We meet several other principle characters in the first two volumes, particularly the Thenardiers and Inspector Javert. I was actually a bit disappointed that we didn’t meet Javert sooner. He turns up fairly far along, and there’s just a few references to establish that Javert knew Valjean while he was a convict. So many other things are so much more elaborated upon, I hoped for more here. What was here was good, though, and we delve into Javert’s mind some too. I know people who just love Javert; I can’t say I’m one of them, but I do find him an intriguing character.
The Thenardiers probably diverged farthest from the musical version of the characters. In the musical, they are nasty individuals, but they’re played for humor. In the book, they’re not even remotely funny. They’re just nasty, horrible, awful people. Cosette’s situation living with them is incredibly heartrending. Imagine whatever other “poor orphan waif” story you’ve read, multiply it a few times, and you’ll probably have it. I think that was one of the most gripping sections of the book.
Volume II ends on what’s essentially a happy note, and we’ll leave it there for today. Come back tomorrow to meet Monsieur Marius in Volume III!
Teacups in the Garden
One More Page
Anyone else…? I know I have readers who are Les Mis fans–send me links to your reviews and I’ll add them!
Buy it here: Les Miserables
5 thoughts on “Victor Hugo’s Les Miserables – Volumes I and II”
I read these when you first posted them and then promptly went on a week-long vacation and realized I’d never left comments! Ah!
Awhaha, you didn’t read Waterloo? pfffft. Or the nitty gritty on the Paris sewer system? 😉 Sometimes it really does feel like two different books. And Hugo seems to like to leave you on cliffhangers while he goes into those sections. “OK, I know you’re really excited to know what happens to Jean Valjean and Cosette now but… I REALLY HAVE TO TELL YOU ABOUT NUNS!” Apparently though, Victor Hugo thought Waterloo was the most important part of the book. I just wish I could appreciate it more. But a lot of things in Les Mis require a historical and cultural context that I just don’t have. The version I read had a couple hundred pages of footnotes.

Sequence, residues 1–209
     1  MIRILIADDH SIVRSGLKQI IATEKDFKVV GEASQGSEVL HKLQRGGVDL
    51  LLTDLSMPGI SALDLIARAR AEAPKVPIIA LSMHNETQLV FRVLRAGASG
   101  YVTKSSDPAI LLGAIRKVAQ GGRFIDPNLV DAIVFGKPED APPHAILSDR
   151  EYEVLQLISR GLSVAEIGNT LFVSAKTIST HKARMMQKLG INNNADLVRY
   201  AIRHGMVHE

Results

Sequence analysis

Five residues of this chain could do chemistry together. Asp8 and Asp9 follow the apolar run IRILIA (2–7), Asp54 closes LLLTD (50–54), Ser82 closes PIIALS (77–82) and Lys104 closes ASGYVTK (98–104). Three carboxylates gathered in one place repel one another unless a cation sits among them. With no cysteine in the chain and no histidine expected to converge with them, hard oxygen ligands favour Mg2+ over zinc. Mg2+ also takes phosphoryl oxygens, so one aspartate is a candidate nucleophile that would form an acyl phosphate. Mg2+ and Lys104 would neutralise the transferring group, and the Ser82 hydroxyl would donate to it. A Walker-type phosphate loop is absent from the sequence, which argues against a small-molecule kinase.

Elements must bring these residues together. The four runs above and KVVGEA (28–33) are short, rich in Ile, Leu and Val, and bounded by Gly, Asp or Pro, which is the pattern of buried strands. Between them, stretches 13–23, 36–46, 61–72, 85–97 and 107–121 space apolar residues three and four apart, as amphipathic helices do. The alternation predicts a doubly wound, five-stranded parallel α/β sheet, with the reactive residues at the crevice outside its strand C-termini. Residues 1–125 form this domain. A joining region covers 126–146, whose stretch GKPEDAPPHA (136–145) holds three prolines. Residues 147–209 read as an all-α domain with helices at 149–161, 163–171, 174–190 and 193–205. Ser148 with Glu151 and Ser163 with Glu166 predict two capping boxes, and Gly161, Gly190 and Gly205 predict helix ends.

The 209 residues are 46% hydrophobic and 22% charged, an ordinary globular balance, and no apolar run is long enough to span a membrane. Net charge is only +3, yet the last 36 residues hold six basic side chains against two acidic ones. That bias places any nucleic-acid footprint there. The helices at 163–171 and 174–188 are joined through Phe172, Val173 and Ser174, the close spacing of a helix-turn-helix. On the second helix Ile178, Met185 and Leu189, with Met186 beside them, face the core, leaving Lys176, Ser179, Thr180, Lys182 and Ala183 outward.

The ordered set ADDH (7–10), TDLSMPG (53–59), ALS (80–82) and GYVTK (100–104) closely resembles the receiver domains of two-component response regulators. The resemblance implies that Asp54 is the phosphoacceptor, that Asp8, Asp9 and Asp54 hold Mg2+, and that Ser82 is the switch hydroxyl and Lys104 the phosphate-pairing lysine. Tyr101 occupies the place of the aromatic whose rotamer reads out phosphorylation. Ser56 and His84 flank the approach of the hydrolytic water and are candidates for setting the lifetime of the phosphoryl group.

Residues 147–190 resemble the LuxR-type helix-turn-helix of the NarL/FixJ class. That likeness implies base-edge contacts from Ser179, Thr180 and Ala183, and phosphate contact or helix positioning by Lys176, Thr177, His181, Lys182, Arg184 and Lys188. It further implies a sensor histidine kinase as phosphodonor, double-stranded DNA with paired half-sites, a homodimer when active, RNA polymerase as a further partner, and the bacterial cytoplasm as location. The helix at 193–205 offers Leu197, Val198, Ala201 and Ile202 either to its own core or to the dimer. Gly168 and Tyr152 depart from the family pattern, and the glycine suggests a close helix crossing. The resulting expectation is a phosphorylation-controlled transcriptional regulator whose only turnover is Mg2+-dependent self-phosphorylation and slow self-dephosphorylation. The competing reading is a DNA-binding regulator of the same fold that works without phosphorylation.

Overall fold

These first two volumes demonstrate Hugo’s ability to make mental struggle fascinating.
Those are my favorite parts of the book! (And at the end with Javert!) The way he can describe mental anguish! On one level I’m being hit by the feelings he’s describing, and then on another level I’m being hit by the beautiful, clear language he’s using and… ah. It’s delicious.
Hugo thought the Waterloo section was the most important? I just…I don’t even know. I’d like to say I’ll rush off to read that part now but, um, to be honest, I won’t. Maybe all those diversions do make a certain amount of sense, though, as Hugo obviously was trying to make certain points. I’m sure all that historical detail supports his points about society–it’s just that I think the characters and narrative already make those points so well…
That stalking scene with Javert–absolutely one of my favorite sequences. Actually, I really liked the whole part when Valjean went to rescue Cosette, up to the end of that book. SO engaging.
Oh, I so remember the many, many pages telling me how wonderful the bishop was, so what Valjean did would be all the worse. And pages and pages and pages about Waterloo just for the last 2 paragraphs to be significant to the story. I don’t think I’ll ever manage to read this again (I did way back in the 80s when the musical was new) but I’m very glad that I have done so.
Yes…Waterloo was a section I opted to largely skip, after several pages and realizing it wasn’t going to be more directly tied to the main characters (aside from the end). I’m very glad to have read Les Mis, and might reread someday. Though I don’t know when I’ll find the time again!
The meanderings away from the story into areas that rae very dull for the modern reader are what ruined “Moby Dick” for me the two times I had to read it for school (once in high school and again in college). It may be great literature but a condensed version of the actual story would’ve been a better read. Glad to know a reader can skip those parts in “Les Miserables” and still follow the story very well.